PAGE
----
When I walked into the Shaolin Kung Fu School for the first time, I wasn’t thinking about my health. My aim was more about self-discovery. Could I develop some new qualities to even a mediocre level, let alone a higher sash level, when I was starting with no experience and no skill? Where would any balance, any flexibility, any technique, any mental focus really come from? These would certainly not spring out from my years of “training” as a black sash in the art of Couch Potato. The only qualities achieved from that program were my remote control thumb techniques and a well developed spare tire.
Early on, I didn’t figure to achieve any health benefits, because I wasn’t sure I’d be around long. It seemed to take many weeks just to not fall over on a low stretch kick. Watching the more experienced students practice sometimes made me feel agonizingly slow and lacking in talent. The road to yellow sash seemed miles and miles long. Moving in inches was making for a long journey. I could tell this was going to be another story of the tortoise and the hare, where I was the tortoise once again. Like the tortoise, I knew I could be determined and consistent at least. However, I do believe I was sweating a lot more than a tortoise.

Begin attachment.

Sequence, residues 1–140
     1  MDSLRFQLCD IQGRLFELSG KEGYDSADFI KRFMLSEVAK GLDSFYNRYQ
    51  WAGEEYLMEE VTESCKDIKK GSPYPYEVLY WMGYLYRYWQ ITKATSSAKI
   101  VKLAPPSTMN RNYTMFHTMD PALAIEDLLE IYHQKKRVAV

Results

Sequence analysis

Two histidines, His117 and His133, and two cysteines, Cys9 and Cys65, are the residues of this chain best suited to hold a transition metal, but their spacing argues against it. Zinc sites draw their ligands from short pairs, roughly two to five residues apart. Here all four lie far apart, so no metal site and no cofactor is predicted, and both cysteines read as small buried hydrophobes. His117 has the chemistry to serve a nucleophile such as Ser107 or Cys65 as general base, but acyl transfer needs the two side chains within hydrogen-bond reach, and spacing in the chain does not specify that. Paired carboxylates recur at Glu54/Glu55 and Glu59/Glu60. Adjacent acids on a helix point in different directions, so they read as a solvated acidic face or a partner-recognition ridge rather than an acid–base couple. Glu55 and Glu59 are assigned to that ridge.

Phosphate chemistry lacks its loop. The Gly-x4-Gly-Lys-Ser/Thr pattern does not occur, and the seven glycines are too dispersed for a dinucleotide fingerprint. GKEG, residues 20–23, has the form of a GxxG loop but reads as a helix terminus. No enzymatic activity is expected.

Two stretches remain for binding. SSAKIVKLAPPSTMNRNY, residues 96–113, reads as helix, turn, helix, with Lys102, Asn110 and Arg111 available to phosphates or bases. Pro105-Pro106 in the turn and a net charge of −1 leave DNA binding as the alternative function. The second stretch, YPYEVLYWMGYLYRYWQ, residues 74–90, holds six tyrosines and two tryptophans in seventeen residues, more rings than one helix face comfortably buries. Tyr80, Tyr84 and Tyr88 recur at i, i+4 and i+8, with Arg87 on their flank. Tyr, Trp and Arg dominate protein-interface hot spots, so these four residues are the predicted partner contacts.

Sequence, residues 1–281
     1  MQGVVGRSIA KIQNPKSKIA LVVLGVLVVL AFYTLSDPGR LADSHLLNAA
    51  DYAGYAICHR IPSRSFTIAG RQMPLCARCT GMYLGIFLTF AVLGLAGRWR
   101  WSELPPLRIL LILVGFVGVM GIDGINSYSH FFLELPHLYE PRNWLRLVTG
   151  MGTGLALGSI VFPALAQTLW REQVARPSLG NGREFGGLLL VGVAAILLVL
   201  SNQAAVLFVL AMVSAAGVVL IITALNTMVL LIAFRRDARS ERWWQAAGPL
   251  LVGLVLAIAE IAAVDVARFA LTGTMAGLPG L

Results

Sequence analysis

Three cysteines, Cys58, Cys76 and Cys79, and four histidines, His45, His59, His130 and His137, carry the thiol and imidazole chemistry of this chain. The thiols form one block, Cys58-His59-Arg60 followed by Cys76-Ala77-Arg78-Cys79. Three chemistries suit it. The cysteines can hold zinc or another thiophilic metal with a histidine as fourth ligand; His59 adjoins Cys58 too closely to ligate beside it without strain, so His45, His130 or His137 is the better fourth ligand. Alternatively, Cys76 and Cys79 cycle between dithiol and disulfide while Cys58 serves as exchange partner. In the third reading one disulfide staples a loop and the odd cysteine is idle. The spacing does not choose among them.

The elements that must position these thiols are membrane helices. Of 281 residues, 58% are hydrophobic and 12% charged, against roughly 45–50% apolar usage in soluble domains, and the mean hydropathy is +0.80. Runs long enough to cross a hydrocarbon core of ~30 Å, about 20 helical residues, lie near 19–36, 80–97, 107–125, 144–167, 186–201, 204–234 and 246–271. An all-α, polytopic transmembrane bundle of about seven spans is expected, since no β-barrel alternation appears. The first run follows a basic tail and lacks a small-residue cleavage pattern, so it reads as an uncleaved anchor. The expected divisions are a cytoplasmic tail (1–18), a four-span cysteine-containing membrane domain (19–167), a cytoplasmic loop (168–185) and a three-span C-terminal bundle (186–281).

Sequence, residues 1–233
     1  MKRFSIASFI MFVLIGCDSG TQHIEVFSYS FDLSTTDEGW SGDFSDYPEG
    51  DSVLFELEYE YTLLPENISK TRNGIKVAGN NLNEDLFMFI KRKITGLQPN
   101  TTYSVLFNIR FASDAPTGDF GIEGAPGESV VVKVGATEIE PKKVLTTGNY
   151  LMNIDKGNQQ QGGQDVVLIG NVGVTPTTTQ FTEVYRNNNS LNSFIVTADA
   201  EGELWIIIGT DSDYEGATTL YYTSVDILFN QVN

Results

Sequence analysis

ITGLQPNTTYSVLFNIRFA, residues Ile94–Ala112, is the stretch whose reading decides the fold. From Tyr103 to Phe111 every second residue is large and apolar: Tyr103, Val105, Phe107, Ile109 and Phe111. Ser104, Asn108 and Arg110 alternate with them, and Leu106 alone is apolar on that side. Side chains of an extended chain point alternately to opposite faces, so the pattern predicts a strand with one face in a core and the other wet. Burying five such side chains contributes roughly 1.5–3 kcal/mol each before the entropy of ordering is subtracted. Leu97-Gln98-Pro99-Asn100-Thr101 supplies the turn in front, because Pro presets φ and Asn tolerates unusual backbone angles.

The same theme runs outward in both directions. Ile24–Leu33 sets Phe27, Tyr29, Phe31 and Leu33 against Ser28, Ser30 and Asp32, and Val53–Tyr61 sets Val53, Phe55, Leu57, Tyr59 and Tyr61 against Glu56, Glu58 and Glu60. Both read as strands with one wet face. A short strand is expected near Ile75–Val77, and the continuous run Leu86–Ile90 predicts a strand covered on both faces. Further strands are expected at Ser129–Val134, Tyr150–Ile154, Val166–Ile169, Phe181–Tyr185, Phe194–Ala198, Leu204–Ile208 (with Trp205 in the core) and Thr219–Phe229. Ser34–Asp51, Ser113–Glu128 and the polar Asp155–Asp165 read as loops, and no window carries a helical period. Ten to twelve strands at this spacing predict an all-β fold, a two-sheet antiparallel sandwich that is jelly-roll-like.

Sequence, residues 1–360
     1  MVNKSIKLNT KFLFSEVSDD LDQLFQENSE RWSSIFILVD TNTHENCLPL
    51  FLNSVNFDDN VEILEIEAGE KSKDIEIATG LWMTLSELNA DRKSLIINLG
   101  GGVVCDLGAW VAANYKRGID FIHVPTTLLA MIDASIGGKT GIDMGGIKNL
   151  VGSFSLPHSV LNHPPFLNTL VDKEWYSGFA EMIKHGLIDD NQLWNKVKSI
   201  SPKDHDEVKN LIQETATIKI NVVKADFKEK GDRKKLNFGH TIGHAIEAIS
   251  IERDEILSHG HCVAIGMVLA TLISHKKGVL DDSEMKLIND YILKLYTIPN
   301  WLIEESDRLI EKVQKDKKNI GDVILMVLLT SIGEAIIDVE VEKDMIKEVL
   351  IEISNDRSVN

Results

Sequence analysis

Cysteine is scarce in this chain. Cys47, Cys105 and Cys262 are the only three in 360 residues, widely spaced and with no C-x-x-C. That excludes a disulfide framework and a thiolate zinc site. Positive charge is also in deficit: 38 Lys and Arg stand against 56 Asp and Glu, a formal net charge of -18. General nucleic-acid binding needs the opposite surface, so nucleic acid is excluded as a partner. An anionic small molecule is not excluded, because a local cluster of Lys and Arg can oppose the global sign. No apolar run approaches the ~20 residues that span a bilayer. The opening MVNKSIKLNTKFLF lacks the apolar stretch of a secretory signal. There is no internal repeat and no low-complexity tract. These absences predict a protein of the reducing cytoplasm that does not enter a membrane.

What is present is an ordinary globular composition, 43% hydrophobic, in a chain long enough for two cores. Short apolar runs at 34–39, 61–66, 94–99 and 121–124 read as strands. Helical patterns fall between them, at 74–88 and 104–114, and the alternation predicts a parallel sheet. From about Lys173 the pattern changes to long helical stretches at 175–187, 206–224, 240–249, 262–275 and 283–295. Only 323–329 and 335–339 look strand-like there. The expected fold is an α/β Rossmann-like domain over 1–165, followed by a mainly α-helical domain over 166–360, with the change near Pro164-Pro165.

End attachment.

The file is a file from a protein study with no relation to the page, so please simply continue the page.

After about ten months at the School, I went to my doctor and had blood drawn for a follow-up to a medical procedure. By coincidence, I had baseline tests taken shortly before I started kung fu. I was curious to see how my heart and blood qualities had changed following less than a year of training. The results showed pretty big changes:
- Overall Cholesterol at 178, improved 15%.
- LDL’s (the “bad” cholesterol) at 113, improved 19%.
- Blood pressure at 104/70, improved by 19%/21%.
- Pulse rate at 52, down from 77 or 32%.
I was excited, and felt this was nice improvement, especially for a tortoise. Maybe best of all, it reminded me that studying kung fu is not a competition with others, and certainly not a race. My first year of diligent effort had paid off nicely, even recognizing my own skill level and slow starting physical condition. I was competent in many basic techniques, and shown improvement in flexibility and balance. And surprise, I had achieved much improvement in an unexpected area, my health!
By Jim Reeder, a former Brea Shaolin Kung Fu School student